Yellowcard’s Ocean Avenue album came out in the summer of 2003. I had just graduated from middle school and was heading into my first year of high school. I’m not sure when I got the CD or how exactly, but it was a big part of my angsty teenage years and when I found out that Yellowcard was doing an acoustic tour to celebrate Ocean Avenue’s tenth anniversary, I had to go.
I went to the concert at the Sunset Strip House of Blues. Parking was ridiculous, but I found a $12 lot which was cheaper than the other $15 and $14 lots in the area. After picking up my ticket, I went to the concert room and found a nice spot behind the light and sound control box. The opening act was Geoff Rickly from Thursday and, at about 9, Yellowcard took the stage and I got hit with a wave of nostalgia. Los Angeles was the penultimate stop on the Ocean Avenue acoustic tour, before the band ends in Anaheim, and I thought it was cool how the band noted that the two Southern California shows were the only ones that sold out before the actual show date.
They proceeded to play through all thirteen songs in order from the Ocean Avenue album and everyone was singing along. Ocean Avenue, which is probably the most popular single that the band has released, is actually third on the track listing for the CD, and the band admitted that it was still weird playing that song third during the tour instead of last like they normally do. Man, this CD though. Back when I hadn’t had my first iPod yet, I had a CD player and that kinda helped you actually listen and know all the lyrics to an album.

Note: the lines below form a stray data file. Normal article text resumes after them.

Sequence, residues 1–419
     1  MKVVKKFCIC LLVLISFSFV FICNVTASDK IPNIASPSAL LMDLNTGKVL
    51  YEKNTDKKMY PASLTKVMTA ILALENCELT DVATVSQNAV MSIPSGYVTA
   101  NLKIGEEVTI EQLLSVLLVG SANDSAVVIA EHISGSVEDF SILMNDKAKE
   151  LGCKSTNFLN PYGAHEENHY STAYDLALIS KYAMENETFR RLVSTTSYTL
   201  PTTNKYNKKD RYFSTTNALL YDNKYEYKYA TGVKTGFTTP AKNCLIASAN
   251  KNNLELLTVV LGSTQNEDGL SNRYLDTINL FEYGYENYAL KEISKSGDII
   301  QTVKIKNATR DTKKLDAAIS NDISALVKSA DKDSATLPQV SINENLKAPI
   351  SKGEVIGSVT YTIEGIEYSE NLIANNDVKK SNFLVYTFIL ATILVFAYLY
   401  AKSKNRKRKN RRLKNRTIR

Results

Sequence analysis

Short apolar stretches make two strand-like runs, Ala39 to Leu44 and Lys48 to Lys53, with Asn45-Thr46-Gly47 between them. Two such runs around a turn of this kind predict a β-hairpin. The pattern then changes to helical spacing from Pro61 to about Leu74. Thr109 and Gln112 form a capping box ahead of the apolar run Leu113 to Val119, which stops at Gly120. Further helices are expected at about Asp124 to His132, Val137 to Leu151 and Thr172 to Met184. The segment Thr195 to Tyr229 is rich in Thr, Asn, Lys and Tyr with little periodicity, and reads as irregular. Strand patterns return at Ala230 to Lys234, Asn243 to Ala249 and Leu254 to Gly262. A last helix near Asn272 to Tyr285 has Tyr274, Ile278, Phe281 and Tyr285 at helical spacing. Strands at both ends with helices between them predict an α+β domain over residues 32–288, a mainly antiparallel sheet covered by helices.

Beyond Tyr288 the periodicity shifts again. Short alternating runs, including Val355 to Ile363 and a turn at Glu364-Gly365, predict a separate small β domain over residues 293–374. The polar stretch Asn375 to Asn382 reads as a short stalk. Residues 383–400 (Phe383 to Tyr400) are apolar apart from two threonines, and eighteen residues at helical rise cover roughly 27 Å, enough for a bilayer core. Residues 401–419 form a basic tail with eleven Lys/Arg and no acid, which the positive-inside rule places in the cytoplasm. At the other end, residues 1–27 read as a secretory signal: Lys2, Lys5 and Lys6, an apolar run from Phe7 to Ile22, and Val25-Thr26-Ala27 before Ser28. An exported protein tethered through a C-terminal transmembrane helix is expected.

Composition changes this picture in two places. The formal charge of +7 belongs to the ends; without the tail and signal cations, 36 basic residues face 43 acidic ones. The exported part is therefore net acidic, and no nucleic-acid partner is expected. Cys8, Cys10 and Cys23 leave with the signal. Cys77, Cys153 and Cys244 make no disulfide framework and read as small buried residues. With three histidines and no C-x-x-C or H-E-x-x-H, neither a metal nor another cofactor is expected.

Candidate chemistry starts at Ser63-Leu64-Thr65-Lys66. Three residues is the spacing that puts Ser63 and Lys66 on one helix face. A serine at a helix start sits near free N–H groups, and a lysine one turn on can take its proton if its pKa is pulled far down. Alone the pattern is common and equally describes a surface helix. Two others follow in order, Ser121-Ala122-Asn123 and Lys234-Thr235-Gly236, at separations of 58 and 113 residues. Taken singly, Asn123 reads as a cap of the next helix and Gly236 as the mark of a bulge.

My three favorite songs from Ocean Avenue are Empty Apartment, Only One, and View From Heaven. Here’s the music video for Only One:
After finishing the last song on the Ocean Avenue CD, the band left the stage for a bit while the crew changed the set a bit. Yellowcard came back out and proceeded to do a second set featuring ten songs from their other albums. Yes, Yellowcard played twenty-three songs that night. This time, they brought out their electric guitars and there were people jumping around and crowd surfing. I actually did not expect a second set and assumed that they might play two or three songs as an encore, but this was a cool surprise. The last song was a combination of Lights and Sounds and a reprise of Ocean Avenue which I was hoping for, so I am glad they brought it back for the finale.
Being by the area where they control the lights and sound, I noticed that they had a set list during the concert so I asked if I could have it once the show was over. People think that the only set lists are up on the stage where the band is, but sound and light people need to make sure they know the order too! So yes, I played it off pretty cool but inside I was really excited that I got a souvenir of the night (besides my ticket, which is stashed away with ones from other concerts). I also bought the Ocean Avenue acoustic CD since I am old school and still like having a physical CD rather than buying it all electronically.
I didn’t listen to it going back home though. Well, I didn’t listen to any music going back home. Back when I saw my first concert, my friend who drove told me about how she doesn’t listen to anything after concerts so that she can just soak in all the music she just heard. I guess I took that tradition on for myself and it is really helpful since I couldn’t think of anything other than the concert for a good while after it was over.
When I was younger, I thought it was so cool to see a punk band with a violin singing songs that I felt represented me (like I said, I was an angsty teenager). I think I am a little less angsty, and I am definitely not a teenager anymore, but this CD and this band will always be a part of me.